allan siegel on Tue, 1 Oct 2013 10:52:06 +0200 (CEST)

[Date Prev] [Date Next] [Thread Prev] [Thread Next] [Date Index] [Thread Index]

<nettime> the secret financial market, p.s.


Armin started to zero in on an aspect of this discussion that has been largely invisible or at least off to the sidelines:

"there is a philosophical aspect to that discourse on [h]umans/non-humans 
that has someting to to with Virilio, Latour and Barad which I would 
love to elaborate on more now, but unfortunately I have some other work 
to do today in order to 'earn a living' as the saying goes"

The infrastructure, both human and virtual, of brand 'neo-liberalism' has precious few rules and those that do exist for the 1% are different for those in the majority. It is probably hard to grasp this simple reality but not everybody plays by the same rules and for that matter the venues, the economic and institutional edifices, which are at the heart of our daily lives are woven together via a fragile ethos.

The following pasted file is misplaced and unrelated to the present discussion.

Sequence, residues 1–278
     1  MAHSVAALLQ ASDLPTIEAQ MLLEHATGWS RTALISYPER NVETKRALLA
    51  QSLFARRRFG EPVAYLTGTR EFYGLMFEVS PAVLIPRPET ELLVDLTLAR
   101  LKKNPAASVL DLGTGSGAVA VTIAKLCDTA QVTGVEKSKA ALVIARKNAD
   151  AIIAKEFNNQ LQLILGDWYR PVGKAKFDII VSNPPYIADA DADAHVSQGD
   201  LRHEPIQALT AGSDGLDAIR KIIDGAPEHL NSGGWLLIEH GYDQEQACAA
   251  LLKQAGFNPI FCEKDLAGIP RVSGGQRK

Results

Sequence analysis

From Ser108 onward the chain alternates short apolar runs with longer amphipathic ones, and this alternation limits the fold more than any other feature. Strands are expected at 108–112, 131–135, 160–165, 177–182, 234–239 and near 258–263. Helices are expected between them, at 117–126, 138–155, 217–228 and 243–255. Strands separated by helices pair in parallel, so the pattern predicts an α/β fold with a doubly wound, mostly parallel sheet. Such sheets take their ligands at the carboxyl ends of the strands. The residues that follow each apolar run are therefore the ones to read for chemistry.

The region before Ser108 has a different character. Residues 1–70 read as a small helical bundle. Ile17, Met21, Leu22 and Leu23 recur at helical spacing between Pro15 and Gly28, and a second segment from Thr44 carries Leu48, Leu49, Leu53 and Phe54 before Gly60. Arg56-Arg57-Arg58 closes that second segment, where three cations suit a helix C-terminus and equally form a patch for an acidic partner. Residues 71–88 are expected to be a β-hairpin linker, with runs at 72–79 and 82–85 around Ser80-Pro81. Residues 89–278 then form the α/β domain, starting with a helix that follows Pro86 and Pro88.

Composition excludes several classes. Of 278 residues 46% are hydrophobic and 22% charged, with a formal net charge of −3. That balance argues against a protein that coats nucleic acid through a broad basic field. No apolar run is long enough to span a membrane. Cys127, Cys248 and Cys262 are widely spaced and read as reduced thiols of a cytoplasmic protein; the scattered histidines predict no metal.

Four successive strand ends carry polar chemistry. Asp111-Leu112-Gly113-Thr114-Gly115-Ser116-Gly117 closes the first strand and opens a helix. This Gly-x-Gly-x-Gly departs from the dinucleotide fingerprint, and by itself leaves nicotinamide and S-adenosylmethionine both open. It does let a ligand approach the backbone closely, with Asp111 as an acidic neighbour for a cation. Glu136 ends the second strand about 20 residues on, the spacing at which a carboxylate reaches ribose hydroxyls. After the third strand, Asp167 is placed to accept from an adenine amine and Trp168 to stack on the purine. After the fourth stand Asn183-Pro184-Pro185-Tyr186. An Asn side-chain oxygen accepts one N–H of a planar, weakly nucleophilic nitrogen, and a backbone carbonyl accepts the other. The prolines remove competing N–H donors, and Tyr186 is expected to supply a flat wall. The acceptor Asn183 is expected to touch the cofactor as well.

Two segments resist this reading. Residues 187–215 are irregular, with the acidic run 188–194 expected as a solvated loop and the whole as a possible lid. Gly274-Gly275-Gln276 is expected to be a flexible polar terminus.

'Secret financial markets' have been around for quite some time; long before the advent of high speed trading, hedge  funds, credit swaps and other devices designed to maximise and squeeze out whatever profits can be garnered from the various market places that connect the hubs of global finance. Within this realm there really are no rules; certainly not the 'rules' that affect the majority of people's lives and this kind of 'lawlessness' (yes, I know it sounds simplistic and moralistic) filters into other sectors of society. Is the distance between secret financial markets and NSA spying that far?

Virilio, Latour et al have been struggling with these questions for some time now - in a sense battling against the ethical devolution of critical aspects of Western post-industrial societies and to chart out other possibilities; unfortunately, the degree of entrenched power nested in the 1% and their vast networks of enablers and enforcers is a largely invisible glacier and those of us who to try to imagine and piece together an alternative road map sometimes seem stuck in a dream world of impossible possibilities. Yet, the glacier is by no means implacable; its subject to its own rivalries and forms of self-destruction. 


#  distributed via <nettime>: no commercial use without permission
#  <nettime>  is a moderated mailing list for net criticism,
#  collaborative text filtering and cultural politics of the nets
#  more info:
#  archive: contact: